GE Hitachi nuclear venture enters NRC licensing phase for small modular reactor design

Photo courtesy GE Hitachi Nuclear Energy.

The next generation of nuclear energy, which is striving to keep the carbon-free thermal generation source relevant vs. gas-fired turbines and renewables, just got a little more competitive in its own field.

GE Hitachi Nuclear Energy (GEH) earlier announced it was starting the regulatory licensing process for its BWRX-300 small modular reactor. The move joins efforts by U.S.-based NuScale Power and other global firms on developing SMRs which theoretically will be less expensive to build and operate than conventional reactor facilities.

GEH revealed that it submitted the first licensing topical report (LTR) to the U.S. Nuclear Regulatory Commission at the end of last year. GEH expects such LTRs to serve as a foundation for the development of a Preliminary Safety Analysis Report that could potentially be submitted to the NRC by a utility customer.

“Embarking on the U.S. licensing process is a significant milestone in the commercialization of the BWRX-300,” said Jon Ball, executive vice president of Nuclear Products for GEH. “The first licensing topical report was submitted to the NRC at the end of 2019 as part of an aggressive timeline that we set for ourselves. As the global demand for carbon-free energy increases, we are seeing significant interest in this groundbreaking SMR technology and are excited about continuing to work toward U.S. licensing.” 

The BWRX-300 is a 300 MW water-cooled, natural circulation SMR with passive safety systems that leverages the design and licensing basis of GEH’s U.S. NRC-certified ESBWR. Through design simplification, GEH projects the BWRX-300 will require significantly less capital cost per MW when compared to other water-cooled SMR designs or existing large nuclear reactor designs.

According to its website page, the GEH BWRX-300 would achieve a 90-percent volume deduction in plant layout compared to the ESBWR. The SMR would reduce building volume by 50 percent and approximately 50 percent less concrete per MW.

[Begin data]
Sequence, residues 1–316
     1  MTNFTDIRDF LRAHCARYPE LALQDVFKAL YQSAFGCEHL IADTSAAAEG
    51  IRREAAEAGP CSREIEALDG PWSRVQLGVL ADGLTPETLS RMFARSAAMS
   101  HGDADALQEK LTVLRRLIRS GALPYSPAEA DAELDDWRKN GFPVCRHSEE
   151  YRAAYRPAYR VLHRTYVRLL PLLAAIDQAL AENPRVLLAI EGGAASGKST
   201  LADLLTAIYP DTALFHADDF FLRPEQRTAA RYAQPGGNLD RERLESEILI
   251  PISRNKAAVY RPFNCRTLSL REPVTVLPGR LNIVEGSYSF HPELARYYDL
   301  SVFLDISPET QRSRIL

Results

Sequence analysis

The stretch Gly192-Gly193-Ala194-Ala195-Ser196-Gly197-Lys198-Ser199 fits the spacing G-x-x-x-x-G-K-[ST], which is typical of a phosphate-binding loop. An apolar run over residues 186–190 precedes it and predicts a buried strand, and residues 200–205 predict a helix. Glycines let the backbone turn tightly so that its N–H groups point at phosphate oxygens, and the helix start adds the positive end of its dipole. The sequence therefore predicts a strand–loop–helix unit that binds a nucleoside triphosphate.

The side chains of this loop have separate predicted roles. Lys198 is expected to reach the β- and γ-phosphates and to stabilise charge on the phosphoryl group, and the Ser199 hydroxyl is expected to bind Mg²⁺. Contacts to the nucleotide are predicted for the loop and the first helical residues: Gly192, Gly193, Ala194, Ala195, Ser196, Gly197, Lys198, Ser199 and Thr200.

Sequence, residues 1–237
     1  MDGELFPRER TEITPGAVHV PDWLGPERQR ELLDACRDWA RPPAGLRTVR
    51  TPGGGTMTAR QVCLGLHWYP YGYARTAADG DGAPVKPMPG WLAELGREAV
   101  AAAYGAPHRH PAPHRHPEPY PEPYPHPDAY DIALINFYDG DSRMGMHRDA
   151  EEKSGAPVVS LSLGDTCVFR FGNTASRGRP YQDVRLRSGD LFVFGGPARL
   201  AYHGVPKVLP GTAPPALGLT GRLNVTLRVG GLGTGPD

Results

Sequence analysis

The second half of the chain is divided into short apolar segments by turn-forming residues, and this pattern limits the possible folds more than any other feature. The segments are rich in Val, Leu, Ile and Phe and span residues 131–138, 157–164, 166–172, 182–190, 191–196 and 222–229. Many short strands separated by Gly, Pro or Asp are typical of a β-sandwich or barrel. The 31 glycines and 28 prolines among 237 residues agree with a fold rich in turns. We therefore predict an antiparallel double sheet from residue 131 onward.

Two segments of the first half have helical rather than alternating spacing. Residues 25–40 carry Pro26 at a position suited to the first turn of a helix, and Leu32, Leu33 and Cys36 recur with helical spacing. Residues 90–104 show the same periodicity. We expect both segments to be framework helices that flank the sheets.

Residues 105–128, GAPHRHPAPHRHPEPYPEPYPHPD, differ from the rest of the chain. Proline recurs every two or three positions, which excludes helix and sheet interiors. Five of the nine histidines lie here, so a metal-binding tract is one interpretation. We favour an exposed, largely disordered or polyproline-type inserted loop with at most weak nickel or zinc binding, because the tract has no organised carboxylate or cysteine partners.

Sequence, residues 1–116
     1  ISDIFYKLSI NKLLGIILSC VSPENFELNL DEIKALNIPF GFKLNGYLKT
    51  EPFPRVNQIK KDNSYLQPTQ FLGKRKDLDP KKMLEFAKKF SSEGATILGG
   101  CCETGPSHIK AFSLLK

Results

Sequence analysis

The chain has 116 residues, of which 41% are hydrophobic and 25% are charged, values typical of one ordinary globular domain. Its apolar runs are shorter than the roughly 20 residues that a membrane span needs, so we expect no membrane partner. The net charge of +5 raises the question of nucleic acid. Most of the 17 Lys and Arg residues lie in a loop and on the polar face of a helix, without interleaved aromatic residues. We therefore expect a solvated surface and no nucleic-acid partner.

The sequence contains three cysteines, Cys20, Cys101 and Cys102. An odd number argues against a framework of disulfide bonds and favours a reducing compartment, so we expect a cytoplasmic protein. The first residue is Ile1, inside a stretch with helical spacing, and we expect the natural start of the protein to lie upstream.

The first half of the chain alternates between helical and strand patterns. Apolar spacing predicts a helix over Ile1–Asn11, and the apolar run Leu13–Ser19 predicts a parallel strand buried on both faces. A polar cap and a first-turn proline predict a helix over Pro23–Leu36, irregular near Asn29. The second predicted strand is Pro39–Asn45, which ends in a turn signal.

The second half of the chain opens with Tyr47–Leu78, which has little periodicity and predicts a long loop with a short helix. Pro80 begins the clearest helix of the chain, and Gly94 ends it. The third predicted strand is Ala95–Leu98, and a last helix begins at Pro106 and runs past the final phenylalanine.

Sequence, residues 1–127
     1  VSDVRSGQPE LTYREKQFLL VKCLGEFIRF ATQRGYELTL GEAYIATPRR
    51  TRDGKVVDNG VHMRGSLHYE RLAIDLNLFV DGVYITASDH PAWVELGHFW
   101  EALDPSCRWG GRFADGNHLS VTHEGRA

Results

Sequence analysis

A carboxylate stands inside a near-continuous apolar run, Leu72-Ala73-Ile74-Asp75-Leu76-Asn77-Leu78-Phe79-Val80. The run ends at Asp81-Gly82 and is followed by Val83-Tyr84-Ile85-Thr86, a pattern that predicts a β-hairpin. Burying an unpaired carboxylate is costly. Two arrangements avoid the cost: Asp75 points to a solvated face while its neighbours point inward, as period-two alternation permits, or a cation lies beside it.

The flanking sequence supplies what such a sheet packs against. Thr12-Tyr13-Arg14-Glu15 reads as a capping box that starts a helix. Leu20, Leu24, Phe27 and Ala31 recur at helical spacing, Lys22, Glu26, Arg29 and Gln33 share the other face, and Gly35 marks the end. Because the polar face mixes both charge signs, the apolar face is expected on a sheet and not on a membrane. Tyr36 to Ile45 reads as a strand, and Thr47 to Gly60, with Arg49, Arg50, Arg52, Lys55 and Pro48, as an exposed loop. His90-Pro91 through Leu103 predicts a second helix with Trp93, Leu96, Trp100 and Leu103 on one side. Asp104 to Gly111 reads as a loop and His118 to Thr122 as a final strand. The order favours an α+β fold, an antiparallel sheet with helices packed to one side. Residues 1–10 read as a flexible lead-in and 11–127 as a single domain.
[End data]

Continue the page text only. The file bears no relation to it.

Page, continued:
By leveraging the existing ESBWR design certification, utilizing licensed and proven nuclear fuel designs, incorporating proven components and supply chains and implementing simplification innovations the BWRX-300 can, GEH believes, become cost-competitive with power generation from combined cycle gas plants and renewable energy platforms.

As the tenth evolution of GE’s first Boiling Water Reactor (BWR) design, GEH says that its BWRX-300 represents the “simplest, yet most innovative BWR design since GE began commercializing nuclear reactors in 1955.”

Nearly three years ago, GEH and Advanced Reactor Concepts LLC announced an agreement to collaborate in the development and licensing of advanced SMRS based on Generation IV sodium-cooled reactor technology. GEH and ARC Nuclear have each developed advanced reactor designs based on the EBR-II, an integral sodium-cooled fast reactor prototype which was developed by Argonne National Laboratory and operated successfully for more than 30 years at Idaho Falls, Idaho.

Portland, Oregon-based NuScale Power is deep into NRC licensing for its SMR designs. The company has garnered support from EPC firms such as Sargent & Lundy and Doosan Heavy Industries and Construction.

(Rod Walton is content director for Power Engineering and POWERGEN International. He can be reached at 918-831-9177 and

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Nuclear energy will be part of the carbon-free future of thermal generation content offered at POWERGEN International happening December 8-10 in Orlando. The POWERGEN 2020 call for abstracts is now open all month. Click here for more information and to submit to present a session.

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